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Otway Basin
Coordinates 38°S 141°E / 38°S 141°E / -38; 141Coordinates: 38°S 141°E / 38°S 141°E / -38; 141
Region Southeastern South Australia and Southwestern Victoria
Country Australia
State(s) South Australia and Victoria
On/Offshore Both
Part of Australian Southern Rift System
Area 150,000 km2
Basin type rift basin
Age Jurassic – late Cretaceous
Stratigraphy Crayfish, Eumeralla, Shipwreck, Sherbrook, Wangerrip, Nirranda, Heytesbury, & Whalers Bluff Groups
Faults Tartwaup-Mussel & Avoca-Sorell Fault Systems
Field(s) Minerva, Casino, Geographe, & Thylacine Gas Fields

The Otway Basin is a northwest trending sedimentary basin located along the southern coast of Australia. The basin covers an area of 150,000 square kilometers and spans from southeastern South Australia to southwestern Victoria, with 80% lying offshore in water depths ranging from 50-3,000 meters. Otway represents a passive margin rift basin and is one of a series of basins located along the Australian Southern Rift System. The basin dates from the late Jurassic to late Cretaceous periods and formed by multi-stage rifting during the breakup of Gondwana and the separation of the Antarctic and Australian plates. The basin contains a significant amount of natural gas and is a current source of commercial extraction.

Tectonic setting

The Otway Basin developed along the Australian Southern Rift System during late Jurassic to Cenozoic breakup of eastern Gondwana as Antarctica began rifting away from Australia. The basin lies at the transition from a normal-obliquely rifted continental margin to the west to a transform continental margin to the southeast. This transition zone is dominated by transtensional faulting that contributes to the basin's complex structural and depositional history. The margin developed through repeated episodes of extension and thermal subsidence leading up to, and following, the commencement of seafloor spreading between Australian and Antarctica.

Structural elements

The basin includes five significant depocenters. The Inner Otway Basin, Torquay Sub-basin, Morum Sub-basin, Nelson Sub-basin, and Hunter Sub-basin formed as a result of two major, basin-wide rifting phases. At the onset of major north-south rifting in the late Jurassic several east-west trending extensional depocenters developed in the onshore part of the basin to define the Inner Otway Basin. Renewed rifting in the late Cretaceous was driven by a change in crustal extension style from north-south to northeast-southwest resulting in the structurally different, northwest-southeast trending Torquay, Morum, Nelson, and Hunter Sub-basins in the mid- and off-shore. Following each rifting episode the basin underwent compressional phases resulting in the inversion and wrenching of pre-existing structures. thumb|Stratigraphy of the Otway Basin, Australia from Robson et al. (2018)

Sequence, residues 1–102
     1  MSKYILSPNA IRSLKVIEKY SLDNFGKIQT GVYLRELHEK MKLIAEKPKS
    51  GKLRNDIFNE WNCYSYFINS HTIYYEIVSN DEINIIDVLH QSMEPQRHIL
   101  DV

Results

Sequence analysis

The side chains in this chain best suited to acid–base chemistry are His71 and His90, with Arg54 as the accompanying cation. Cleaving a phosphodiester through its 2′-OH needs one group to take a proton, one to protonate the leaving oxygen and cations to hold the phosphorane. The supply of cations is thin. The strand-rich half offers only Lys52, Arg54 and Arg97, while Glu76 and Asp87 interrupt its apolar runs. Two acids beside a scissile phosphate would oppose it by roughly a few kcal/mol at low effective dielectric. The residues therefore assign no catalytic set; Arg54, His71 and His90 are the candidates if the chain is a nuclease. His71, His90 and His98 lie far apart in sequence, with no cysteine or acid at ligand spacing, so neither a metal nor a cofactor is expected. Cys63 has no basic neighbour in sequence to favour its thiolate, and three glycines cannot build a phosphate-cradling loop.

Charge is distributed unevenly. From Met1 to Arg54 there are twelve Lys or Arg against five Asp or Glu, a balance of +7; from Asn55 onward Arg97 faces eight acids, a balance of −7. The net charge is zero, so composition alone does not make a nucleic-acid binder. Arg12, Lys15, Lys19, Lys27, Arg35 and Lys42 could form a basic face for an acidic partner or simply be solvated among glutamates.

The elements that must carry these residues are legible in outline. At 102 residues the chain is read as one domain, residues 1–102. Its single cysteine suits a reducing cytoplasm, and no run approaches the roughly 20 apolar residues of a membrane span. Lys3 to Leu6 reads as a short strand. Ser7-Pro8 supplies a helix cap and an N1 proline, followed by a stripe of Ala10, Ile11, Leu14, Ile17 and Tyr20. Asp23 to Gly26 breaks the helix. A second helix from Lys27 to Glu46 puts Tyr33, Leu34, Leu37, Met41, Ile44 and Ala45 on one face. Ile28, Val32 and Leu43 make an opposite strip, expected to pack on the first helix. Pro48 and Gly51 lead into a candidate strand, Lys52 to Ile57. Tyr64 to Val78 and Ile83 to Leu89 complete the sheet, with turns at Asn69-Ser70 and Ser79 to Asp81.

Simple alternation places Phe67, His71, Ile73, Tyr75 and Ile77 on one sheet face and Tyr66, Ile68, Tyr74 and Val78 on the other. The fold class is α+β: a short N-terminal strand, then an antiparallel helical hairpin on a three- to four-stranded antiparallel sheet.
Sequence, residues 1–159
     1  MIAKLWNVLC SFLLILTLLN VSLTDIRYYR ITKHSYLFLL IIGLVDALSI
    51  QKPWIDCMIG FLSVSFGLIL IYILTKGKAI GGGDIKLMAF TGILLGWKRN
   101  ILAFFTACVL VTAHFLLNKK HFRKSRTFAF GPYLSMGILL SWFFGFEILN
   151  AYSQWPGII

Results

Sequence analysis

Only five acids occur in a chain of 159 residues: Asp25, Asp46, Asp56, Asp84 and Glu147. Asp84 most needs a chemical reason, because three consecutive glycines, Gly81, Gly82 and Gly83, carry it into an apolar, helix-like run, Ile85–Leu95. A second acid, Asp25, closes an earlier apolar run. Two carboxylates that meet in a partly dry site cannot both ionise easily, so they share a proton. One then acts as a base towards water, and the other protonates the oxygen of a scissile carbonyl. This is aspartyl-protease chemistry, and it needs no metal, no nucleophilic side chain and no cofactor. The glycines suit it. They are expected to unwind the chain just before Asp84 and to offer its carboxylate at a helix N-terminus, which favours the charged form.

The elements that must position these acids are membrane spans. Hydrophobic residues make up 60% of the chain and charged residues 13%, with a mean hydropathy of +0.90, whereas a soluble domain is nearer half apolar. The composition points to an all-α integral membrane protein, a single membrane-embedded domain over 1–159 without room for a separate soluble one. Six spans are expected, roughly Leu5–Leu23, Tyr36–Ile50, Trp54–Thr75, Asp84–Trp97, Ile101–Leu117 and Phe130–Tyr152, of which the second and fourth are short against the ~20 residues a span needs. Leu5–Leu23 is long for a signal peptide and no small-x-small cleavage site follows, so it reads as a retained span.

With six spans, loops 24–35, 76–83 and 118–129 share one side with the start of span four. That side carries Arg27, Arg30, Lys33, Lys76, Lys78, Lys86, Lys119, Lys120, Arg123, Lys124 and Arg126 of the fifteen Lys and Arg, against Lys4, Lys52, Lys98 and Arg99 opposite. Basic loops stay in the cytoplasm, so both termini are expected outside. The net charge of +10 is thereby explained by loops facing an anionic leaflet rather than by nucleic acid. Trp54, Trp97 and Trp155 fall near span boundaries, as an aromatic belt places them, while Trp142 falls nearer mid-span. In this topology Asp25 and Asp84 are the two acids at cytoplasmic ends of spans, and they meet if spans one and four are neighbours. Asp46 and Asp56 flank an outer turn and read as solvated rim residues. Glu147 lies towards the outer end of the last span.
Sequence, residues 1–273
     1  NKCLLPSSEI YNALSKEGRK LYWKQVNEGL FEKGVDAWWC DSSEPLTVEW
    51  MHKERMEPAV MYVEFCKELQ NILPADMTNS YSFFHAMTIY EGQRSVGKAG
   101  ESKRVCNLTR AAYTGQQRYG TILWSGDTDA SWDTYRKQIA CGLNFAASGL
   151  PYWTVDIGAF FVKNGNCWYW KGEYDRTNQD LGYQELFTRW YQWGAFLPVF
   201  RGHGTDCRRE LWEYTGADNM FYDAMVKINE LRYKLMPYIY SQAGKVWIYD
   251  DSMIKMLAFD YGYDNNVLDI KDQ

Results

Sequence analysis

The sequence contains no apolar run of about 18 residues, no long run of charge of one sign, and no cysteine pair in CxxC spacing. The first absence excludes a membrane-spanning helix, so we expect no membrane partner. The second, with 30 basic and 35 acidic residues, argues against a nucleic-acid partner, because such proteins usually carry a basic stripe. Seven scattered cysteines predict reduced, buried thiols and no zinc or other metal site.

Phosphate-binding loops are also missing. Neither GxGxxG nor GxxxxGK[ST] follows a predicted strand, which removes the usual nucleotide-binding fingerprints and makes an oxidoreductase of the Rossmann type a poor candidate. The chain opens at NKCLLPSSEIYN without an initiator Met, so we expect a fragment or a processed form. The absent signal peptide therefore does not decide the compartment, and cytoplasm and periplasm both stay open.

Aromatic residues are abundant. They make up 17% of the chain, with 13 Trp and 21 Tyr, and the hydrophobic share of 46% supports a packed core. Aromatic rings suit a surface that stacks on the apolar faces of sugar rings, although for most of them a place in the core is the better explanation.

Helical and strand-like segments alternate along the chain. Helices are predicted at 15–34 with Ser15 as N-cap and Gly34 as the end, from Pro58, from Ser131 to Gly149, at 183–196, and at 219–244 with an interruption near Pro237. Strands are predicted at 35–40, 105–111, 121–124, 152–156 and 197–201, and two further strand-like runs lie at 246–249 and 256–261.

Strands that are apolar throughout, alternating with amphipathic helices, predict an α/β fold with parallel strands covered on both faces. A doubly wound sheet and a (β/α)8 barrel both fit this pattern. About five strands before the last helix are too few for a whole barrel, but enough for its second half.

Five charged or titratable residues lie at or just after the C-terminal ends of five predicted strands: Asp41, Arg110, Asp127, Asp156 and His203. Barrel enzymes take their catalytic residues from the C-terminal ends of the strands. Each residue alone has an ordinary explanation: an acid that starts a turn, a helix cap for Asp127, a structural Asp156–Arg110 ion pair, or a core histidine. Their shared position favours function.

Tectonostratigraphic evolution

Eight distinct and regionally mappable stratigraphic groups define the Otway Basin fill.

Initial rifting (Early Cretaceous)

Basin rift system initiated at the onset of north-south extension between the Australian and Antarctic plates in the late Jurassic. Growing extensional structures were filled with ~5000 meters of continental and fluvio-lacustrine sediments that comprise the Crayfish Group. In the Aptian the basin experienced widespread thermal subsidence where ~4000 meters of fluvial and lacustrine sediments of the Eumeralla Formation were deposited in the progressively widening sag basin.

Compression and uplift (Mid Cretaceous)

The first phase of rifting ceased in the Albian at which time the basin underwent an erosive compressional period leading to the basin wide Otway unconformity.

Renewed rifting (Late Cretaceous)

After a 6.5 Ma hiatus, rifting renewed and rift-related subsidence began in the Turonian. This rifting phase is marked by a change in crustal extension direction from north-south to northeast-southwest resulting in the deposition of large and deep depocenters in the mid- and off-shore basin. Syn-rift deposition includes ~1300 meters of fluvial and deltaic sediments that comprise the Shipwreck Group. A major marine transgression in the Campanian produced ~5000 meters of deltaic and marine Sherbrook Group sediments.

Continental breakup (Late Maastrichtian)

In the late Cretaceous rifting transitioned to seafloor spreading marking the onset of post-rift passive margin conditions within the Otway Basin. As Australian-Antarctic plate clearance continued and the passive margin developed further the basin experienced widespread thermal subsidence leading to an increase in accommodation space. Deposition from the late Maastrichtian to present day is marked by a succession of marine and carbonate accumulations of the Wangerrip, Nirranda, Heytesbury, and Whalers Bluff Groups, separated by distinct unconformities associated with basin-wide compression events.

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